Huddling is a tactic used to save energy and avoid heat loss, especially in small animals such as birds and rodents. It also explains group-living and the relationship between families. One specific group being observed was the African striped mouse (Rhabdomys pumilio) in the Succulent Karoo of South Africa. “The Succulent Karoo is a semidesert characterized by rain in winter, a spring with maximal food abundance and a 3-month-long breeding season, and a dry summer with a limited food availability” (Schradin 694). For the striped mice living here, energy saving due to huddling could be an important reason for group-living. However, all the observed groups were formed of mice in the same families unless there was a low population density that year. This brought about the questions What causes living-groups between non-kin mice to form?
The authors of the article predicted “if huddling is a primary reason for group-living, (i) huddling groups will form even at low population densities (thus, group-living is not due to habitat saturation), and (ii) huddling groups will form between non-kin when close kin are not available (thus, sleeping groups cannot be explained by kin selection)” (Schardin 694). It was specified later on that the stable family groups would form during a winter with a high population and the non-kin group when there was a winter with a very low population density. To test the hypotheses, a “study was conducted in Goegap Nature Reserve near Springbok in the Northern Cape province of South Africa from September 2002 to December 2002, July 2003 to January 2004, and May 2004 to December 2004” (Schardin 694).
Striped mice were trapped using baited locally manufactured traps during the morning and afternoon. Trapped mice were sexed, weighed, and identified by a number written on its side with black hair dye. To permanently mark mice, ear tags were used. Radio-tracking was applied to 22 mice each year, accomplished by attaching a transmitter onto a mini collar. The sleeping sites were determined in two different ways. The first: the mice were radio tracked at night when they were inactive. The second was made by direct observations of nests in the mornings and afternoons.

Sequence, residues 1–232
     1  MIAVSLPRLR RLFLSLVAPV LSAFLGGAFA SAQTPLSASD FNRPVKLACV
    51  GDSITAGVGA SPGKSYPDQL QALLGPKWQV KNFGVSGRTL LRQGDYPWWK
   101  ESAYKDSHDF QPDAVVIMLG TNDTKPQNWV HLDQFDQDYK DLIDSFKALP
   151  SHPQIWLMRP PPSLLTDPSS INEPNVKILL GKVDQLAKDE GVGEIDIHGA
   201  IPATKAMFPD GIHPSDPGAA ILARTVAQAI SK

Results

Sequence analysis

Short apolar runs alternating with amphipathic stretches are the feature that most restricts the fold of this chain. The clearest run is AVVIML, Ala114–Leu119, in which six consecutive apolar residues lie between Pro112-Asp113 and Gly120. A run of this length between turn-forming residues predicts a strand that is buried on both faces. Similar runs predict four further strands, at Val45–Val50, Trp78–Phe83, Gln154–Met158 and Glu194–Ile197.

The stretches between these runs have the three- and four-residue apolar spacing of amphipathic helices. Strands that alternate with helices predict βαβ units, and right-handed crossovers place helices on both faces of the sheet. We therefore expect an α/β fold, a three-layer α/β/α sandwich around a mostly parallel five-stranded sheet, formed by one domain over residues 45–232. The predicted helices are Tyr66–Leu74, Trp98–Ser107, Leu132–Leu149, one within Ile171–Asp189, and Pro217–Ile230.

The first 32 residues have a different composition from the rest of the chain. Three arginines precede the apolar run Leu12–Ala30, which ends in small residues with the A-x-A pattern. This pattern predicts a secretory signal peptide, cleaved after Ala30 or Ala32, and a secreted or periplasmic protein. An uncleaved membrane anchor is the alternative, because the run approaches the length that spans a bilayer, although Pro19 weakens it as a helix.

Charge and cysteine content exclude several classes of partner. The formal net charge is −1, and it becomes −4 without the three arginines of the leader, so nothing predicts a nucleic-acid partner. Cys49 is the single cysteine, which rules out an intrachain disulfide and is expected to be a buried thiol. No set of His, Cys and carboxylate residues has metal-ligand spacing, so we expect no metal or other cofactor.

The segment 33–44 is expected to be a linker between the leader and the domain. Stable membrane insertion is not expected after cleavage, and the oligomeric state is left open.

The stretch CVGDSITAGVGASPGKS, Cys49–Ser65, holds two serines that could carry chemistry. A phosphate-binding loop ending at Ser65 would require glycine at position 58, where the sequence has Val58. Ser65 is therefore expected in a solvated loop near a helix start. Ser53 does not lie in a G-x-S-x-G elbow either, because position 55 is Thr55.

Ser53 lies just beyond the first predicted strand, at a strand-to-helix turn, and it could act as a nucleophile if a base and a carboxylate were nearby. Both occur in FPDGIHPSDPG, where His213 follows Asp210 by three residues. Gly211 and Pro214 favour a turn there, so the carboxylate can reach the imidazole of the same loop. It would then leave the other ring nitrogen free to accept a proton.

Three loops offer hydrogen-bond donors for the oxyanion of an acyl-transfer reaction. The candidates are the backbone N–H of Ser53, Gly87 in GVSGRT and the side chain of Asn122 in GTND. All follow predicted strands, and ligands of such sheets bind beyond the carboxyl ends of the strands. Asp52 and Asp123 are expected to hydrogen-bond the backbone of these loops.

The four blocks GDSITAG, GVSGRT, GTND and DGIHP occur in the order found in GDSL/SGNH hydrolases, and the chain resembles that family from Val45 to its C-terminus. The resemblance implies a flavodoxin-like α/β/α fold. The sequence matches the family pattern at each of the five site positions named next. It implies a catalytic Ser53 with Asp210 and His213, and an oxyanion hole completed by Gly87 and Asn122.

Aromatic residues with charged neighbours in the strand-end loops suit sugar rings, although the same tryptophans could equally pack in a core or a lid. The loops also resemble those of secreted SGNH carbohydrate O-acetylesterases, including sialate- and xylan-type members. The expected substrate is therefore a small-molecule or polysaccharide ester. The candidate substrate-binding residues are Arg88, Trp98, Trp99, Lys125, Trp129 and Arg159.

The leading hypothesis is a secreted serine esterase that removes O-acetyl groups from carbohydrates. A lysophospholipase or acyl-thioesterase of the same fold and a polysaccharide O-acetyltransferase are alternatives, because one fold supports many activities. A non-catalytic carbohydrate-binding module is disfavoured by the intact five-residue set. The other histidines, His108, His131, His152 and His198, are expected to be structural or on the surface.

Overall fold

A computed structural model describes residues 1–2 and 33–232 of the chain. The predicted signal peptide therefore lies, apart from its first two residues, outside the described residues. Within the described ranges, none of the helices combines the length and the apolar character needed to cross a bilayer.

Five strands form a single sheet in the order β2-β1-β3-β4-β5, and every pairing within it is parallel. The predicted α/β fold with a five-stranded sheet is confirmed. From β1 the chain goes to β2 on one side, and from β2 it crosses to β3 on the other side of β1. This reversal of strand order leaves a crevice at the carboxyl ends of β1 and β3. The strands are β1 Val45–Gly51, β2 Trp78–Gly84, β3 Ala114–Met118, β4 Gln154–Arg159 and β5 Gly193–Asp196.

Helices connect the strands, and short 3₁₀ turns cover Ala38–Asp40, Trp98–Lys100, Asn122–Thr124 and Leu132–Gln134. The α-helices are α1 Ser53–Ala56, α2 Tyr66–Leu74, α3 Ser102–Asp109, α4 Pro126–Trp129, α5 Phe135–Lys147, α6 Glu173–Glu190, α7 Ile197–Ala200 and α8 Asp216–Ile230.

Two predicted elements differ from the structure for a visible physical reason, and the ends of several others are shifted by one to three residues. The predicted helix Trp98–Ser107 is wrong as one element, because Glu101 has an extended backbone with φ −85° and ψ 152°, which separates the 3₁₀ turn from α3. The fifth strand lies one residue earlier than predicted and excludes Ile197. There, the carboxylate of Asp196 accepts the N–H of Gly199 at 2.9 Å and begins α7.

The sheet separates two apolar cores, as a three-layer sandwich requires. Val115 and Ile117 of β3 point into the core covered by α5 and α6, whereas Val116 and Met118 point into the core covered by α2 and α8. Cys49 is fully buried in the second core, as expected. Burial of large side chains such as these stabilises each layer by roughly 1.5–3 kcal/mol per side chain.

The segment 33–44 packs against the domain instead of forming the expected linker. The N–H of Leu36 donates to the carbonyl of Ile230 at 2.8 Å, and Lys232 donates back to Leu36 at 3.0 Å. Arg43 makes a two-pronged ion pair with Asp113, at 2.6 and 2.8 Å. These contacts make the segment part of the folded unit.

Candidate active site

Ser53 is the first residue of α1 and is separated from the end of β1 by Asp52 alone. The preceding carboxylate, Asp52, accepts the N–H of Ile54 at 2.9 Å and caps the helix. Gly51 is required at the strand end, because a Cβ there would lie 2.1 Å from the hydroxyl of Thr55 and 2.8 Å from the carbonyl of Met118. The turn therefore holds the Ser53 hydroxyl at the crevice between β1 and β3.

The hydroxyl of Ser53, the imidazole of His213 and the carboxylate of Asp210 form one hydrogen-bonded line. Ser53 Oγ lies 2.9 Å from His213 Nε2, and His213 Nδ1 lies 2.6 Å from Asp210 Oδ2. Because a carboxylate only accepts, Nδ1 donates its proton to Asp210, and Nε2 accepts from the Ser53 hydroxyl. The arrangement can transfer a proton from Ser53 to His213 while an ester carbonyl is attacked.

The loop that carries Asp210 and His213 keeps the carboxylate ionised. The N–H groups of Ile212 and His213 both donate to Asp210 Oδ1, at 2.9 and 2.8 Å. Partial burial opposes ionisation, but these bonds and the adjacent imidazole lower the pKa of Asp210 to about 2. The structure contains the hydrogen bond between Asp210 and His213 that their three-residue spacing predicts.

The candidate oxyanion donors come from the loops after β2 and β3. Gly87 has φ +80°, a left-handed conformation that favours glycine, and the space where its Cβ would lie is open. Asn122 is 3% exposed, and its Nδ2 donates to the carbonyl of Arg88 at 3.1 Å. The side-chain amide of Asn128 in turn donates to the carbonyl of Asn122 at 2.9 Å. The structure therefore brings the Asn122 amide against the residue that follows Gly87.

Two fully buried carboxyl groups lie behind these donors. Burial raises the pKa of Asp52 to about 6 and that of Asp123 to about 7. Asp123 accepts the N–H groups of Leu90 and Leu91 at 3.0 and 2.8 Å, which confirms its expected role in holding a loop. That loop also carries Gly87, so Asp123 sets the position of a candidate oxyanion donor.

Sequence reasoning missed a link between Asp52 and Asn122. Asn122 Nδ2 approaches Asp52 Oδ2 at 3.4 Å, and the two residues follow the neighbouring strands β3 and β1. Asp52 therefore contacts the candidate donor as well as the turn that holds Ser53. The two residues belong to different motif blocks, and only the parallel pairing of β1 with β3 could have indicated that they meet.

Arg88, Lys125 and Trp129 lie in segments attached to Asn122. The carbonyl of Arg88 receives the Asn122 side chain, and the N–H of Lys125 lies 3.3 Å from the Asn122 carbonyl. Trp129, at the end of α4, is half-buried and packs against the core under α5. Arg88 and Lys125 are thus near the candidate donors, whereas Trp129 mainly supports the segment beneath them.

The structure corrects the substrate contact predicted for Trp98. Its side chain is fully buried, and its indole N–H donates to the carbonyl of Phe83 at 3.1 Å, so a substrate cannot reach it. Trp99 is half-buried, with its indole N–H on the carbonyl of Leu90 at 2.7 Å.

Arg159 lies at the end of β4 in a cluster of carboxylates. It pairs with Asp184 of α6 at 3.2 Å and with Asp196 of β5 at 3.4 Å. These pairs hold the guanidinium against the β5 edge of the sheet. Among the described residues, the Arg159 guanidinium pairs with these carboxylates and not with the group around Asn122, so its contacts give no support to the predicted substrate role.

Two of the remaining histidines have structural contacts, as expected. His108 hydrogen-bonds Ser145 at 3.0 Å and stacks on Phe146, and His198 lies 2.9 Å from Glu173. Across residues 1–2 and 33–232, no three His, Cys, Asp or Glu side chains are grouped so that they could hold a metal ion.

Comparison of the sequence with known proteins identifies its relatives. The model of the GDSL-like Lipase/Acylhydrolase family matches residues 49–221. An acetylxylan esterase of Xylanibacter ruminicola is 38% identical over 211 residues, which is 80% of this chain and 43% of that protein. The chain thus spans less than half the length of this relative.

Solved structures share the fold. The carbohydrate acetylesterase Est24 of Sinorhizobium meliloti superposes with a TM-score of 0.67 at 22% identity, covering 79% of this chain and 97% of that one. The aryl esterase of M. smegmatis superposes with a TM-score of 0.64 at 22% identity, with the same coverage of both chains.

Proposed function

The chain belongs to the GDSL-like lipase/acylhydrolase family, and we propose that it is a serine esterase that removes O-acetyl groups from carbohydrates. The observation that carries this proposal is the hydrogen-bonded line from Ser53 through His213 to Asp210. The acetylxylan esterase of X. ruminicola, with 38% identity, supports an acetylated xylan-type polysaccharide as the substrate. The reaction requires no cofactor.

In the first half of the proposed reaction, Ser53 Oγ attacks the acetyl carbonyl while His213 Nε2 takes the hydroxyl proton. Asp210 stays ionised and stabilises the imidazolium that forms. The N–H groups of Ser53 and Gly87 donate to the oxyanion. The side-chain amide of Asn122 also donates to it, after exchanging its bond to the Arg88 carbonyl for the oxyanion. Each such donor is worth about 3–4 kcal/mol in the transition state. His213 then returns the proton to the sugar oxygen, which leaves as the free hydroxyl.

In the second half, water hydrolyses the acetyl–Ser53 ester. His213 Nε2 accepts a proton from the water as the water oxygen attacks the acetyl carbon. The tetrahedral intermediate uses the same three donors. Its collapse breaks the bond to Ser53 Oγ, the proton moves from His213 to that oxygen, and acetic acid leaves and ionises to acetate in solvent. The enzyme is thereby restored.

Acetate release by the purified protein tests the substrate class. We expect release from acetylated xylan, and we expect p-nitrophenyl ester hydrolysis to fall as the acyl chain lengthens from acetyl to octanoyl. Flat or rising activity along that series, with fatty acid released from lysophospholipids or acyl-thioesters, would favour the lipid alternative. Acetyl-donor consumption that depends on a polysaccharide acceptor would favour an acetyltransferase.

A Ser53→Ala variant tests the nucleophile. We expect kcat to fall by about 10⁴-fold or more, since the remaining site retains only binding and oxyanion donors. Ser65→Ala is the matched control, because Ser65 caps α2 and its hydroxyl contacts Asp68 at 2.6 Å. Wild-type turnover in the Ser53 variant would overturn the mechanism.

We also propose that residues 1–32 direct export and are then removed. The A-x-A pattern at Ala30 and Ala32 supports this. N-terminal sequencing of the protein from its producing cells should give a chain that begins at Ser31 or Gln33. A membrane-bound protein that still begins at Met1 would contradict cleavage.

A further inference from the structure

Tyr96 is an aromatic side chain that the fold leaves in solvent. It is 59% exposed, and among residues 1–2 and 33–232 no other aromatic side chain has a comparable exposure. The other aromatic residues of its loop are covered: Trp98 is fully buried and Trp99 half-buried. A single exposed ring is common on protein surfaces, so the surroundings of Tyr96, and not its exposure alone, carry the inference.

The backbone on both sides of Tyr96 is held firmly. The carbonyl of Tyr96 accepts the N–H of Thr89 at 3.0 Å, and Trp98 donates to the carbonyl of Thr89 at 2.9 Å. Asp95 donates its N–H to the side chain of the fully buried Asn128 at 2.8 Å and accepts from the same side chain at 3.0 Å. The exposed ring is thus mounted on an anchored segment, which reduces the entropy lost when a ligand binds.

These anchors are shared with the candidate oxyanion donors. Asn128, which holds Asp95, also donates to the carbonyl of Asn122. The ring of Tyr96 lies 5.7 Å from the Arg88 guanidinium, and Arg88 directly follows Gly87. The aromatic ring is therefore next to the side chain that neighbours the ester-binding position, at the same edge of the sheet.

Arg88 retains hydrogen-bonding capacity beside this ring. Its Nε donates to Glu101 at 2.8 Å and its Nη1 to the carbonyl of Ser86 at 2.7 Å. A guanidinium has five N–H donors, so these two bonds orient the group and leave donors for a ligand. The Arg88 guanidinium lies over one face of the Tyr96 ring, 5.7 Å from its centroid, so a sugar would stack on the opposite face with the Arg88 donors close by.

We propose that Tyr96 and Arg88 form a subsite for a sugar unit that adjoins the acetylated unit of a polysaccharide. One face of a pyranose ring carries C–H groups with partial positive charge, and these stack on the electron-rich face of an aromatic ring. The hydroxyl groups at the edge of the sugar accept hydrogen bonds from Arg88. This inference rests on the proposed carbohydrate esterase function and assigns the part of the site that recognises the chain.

The collected data of social organization was divided into three different groups. “(1) Solitary: individuals were alone in a nest more than 50% of the time. (2) Family or extended family: individuals originating from the same group shared a nest, but single males from other groups could also be present (males are the dispersing sex). (3) Non-kin huddling group: individuals originating from different groups shared a nest” (Schardin 695).
The year 2003 ended up being the driest year since 1984, receiving only 32 mm of rain. This resulted in no apparent new plant growth, leading to mass loss of the mice and causing a 99% mortality rate. The next year, however, had a normal amount of rain and plant growth. There was only a 50% mortality rate in 2004, as compared to the previous year. This left 22 mice in the study area in 2003, but 41 in the 2004 study area.
The lower population density in 2003 left very few related mice alive. As predicted, the mice began to huddle in unstable living-groups of non-kin. The following year, when the population density was normal, all the mice converted back to the stable family groups. So in conclusion, the change of population density causes mice to change their living groups as appropriate. This entire summary ties together to say: If huddling is a primary reason for group-living, and huddling groups will form even at low population densities then huddling groups will form between non-kin when close kin are not available. And the non-kin group did form in the low population density area when the kin was not available. Therefore the hypothesis was supported.
This article mainly discussed the reasoning of how striped mice picked their living and huddling groups. While this was the main focus, it also discussed the reasons of huddling and the “dynamic nature of sleeping groups” (Schardin 697). The nature of sleeping groups was unknown, but the article presented some hypotheses: such as, the mice may form larger sleeping groups to stay warmer based on day temperatures. It also presented a minor idea that non-kin sleeping groups may be the potential cause of conflict between the mice. However, “flexibility in the social system of the striped mouse occurs not only between the grassland and Succulent Karoo populations but also within the Succulent Karoo population” (Schardin 697).
The arguments in this article were all well supported. Everything was supported by many cited sources. There is evidence to back up all objective information as well as the reasoning for subjective thoughts. Only the ending, while discussing the sleeping nature of groups, was the information more speculative without many supportive sources. The article overall was very informative. The writers kept to the topic, and displayed all the information in a clear and understandable method. The charts also helped to display the results through pictures. It was also very convincing- it would be difficult to try and argue any points found in this piece of writing. The reasoning is logical and easy to follow and there is hardly anything to disagree with. Basically, the article covered all the information introduced. As a reader, I would only ask that they had presented more information on the basis of huddling or had picked a different title. While we do learn that huddling is to keep smaller animals from losing body heat, the misleading title strays from the true point of the paper; to discuss how huddling groups are formed due to the variables around them.
Schradin, C., M. Schubert, and N. Pillay. (2006). Winter huddling groups in the striped mouse. Canadian Journal of Zoology, 84, 693-698.